One was a tiny biopsy of skin received in 1979 or ‘80 that proved to be Merkel Cell Carcinoma. There was no excuse. I was the only pathologist reading microscopic slides that day and I had a full load. I called the process Basal Cell Carcinoma. A year later I got a call from an academic institution where the patient was being seen asking me to review the slides. I had that sick, sinking feeling as soon as I stuck the slide under the microscope.
In the spring of 2015 I developed a small, soft nodule on my lower leg. It grew over the next several months and I asked my primary care doctor to look at it. He thought it was nothing. A couple of months later I asked the dermatologist to look at it. His remark was, “Whatever it is it’s benign.” It was soft, not fixed to surrounding tissues, tender, and except for the rate of growth it showed no signs usually associated with malignancy.
Finally, in September I decided to get the thing taken off because it was becoming unsightly. Everybody was shocked when the diagnosis of Merkel Cell Carcinoma came back.
My first thought was, “I’m going to die of this and I deserve it.”
Merkel Cell Carcinoma is rare. It is usually seen in fair skinned people (check), in highly sun-exposed areas (no check), has a bluish hue of the overlying skin (check), is frequently missed (check), and has a fifty-four percent five year survival rate provided it has not already spread at the time of diagnosis, in which case the survival rate becomes about 34%.
In recent years it has come to light that 80% of people with the tumor have a polyoma virus called the Merkel Cell virus that is involved in the process of becoming malignant. The mode of transmission of the virus is obscure. I probably have the virus considering the fact that the other inciting factor is UV light exposure. Older individuals and those who are immunosuppressed are more prone to develop the tumor.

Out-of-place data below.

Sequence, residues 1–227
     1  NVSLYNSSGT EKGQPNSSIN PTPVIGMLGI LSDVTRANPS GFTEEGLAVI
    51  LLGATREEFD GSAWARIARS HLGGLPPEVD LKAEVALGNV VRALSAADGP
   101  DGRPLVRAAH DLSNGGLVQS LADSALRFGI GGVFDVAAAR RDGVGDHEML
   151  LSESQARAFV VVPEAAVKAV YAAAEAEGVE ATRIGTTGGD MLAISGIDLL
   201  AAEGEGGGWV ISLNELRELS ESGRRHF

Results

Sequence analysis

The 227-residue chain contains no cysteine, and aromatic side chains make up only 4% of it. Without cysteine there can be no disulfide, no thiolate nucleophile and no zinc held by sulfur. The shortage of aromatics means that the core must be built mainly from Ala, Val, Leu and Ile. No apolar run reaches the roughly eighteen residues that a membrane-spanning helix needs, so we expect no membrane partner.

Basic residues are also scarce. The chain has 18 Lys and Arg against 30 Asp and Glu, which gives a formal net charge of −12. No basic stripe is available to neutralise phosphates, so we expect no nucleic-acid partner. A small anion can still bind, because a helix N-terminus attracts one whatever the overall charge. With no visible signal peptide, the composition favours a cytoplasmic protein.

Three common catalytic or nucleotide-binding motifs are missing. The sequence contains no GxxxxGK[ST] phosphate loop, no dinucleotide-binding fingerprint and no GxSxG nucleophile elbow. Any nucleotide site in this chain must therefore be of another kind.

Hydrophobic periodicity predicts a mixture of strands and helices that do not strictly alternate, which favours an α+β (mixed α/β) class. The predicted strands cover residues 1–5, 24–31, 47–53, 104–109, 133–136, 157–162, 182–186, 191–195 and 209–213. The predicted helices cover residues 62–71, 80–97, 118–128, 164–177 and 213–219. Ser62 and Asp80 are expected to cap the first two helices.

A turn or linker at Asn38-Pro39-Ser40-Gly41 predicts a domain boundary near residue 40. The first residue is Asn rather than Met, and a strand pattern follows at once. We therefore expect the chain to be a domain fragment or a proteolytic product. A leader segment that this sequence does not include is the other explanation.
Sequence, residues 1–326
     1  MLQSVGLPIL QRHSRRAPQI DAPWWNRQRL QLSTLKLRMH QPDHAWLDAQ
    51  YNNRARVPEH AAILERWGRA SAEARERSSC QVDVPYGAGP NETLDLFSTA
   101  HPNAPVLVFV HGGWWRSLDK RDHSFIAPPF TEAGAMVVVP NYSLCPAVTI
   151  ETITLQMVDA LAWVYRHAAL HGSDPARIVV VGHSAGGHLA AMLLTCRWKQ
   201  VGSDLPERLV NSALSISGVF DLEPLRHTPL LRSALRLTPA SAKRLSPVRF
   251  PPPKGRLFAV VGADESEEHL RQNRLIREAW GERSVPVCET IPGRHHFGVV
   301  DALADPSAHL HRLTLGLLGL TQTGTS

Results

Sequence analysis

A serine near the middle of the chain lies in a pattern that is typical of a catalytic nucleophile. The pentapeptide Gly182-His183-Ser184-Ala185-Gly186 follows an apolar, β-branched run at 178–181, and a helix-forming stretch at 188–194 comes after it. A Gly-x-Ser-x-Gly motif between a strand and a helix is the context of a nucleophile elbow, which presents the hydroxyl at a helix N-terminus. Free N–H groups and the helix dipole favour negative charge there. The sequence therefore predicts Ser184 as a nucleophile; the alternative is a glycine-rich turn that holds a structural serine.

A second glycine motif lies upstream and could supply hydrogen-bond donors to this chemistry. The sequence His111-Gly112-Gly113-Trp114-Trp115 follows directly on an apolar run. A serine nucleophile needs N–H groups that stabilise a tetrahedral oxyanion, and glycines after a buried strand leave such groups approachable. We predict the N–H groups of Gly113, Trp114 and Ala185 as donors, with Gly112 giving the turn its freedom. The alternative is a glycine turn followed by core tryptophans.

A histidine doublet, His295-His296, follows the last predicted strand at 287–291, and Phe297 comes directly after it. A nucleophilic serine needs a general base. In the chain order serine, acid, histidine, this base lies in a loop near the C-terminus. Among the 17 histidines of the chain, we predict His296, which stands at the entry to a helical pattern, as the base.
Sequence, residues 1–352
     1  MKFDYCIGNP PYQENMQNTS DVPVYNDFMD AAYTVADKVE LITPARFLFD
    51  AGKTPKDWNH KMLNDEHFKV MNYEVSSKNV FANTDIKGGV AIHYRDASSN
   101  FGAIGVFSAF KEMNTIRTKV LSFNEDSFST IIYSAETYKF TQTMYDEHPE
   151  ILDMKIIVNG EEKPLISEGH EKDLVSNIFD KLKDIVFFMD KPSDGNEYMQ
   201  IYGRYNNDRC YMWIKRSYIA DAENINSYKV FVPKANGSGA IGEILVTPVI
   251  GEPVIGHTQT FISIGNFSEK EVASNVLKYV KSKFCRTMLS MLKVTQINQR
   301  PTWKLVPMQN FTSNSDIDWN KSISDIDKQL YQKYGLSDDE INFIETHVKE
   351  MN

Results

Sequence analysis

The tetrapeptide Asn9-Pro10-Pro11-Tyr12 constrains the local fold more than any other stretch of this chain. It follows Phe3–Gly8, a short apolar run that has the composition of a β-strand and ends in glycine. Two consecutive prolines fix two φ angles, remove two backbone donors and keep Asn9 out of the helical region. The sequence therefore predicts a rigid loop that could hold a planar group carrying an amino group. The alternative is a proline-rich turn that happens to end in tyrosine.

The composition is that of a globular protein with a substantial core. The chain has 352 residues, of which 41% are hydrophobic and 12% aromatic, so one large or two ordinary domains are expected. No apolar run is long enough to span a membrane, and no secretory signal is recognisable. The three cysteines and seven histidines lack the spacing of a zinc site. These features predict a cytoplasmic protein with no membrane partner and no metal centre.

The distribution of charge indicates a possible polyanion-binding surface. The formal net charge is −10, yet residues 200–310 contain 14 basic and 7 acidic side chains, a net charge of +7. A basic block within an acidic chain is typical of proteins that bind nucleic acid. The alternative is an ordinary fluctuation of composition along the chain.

In October of 2015 I had the biopsy. In December I had the site widely excised with a skin graft. I did well, but it was still mid-January before I was fully active. In September of 2016 the tumor recurred near my previous surgical site.
I’ve been examined with multiple CT scans, MRIs and a PET scan and at present there is no evidence of spread beyond the area on my leg. Consultation with my surgeon and a Radiation Oncologist at Duke has led me to choose radiation therapy to my leg. The other option is amputation which I’m not keen on. Radiation therapy is not innocuous. There are short and long term side effects, one of which is developing another malignancy in the irradiated area. However, if I don’t have radiation I won’t have to worry about a future malignancy.
I'm also taking Turkey Tail mushroom. Four studies of patients with different kinds of cancer have shown that adding Turkey Tail to radiation, surgery or chemotherapy improves survival. It's pretty cheap and painless. It has also been a part of Chinese traditional medicine for about a thousand years.
i tried Essiac Tea. It tastes like a swamp smells, and an attempt to study its effect on cancer was stopped when it became clear that the manufacturer was not cooperating with the study. So, that looks like all down side to me. I would never abandon proven treatment for alternative therapy, but I'm OK with combining traditional medicine with scientific medicine.
I’ll be staying in Caring House, a low-cost residence for cancer patients with access to a shuttle to take me back and forth for daily treatments. I should come out on the other side of this sometime just before Christmas.
The treatments only take a couple of hours a day – mostly setup time – and The Caring House is a nice place with wifi, so you may still hear from me while I’m there.
I’m always realistic but optimistic. I won’t bother you with more details unless you ask for them.
In less than a week this awful presidential campaign will be over. I’m optimistic.
Live long and prosper.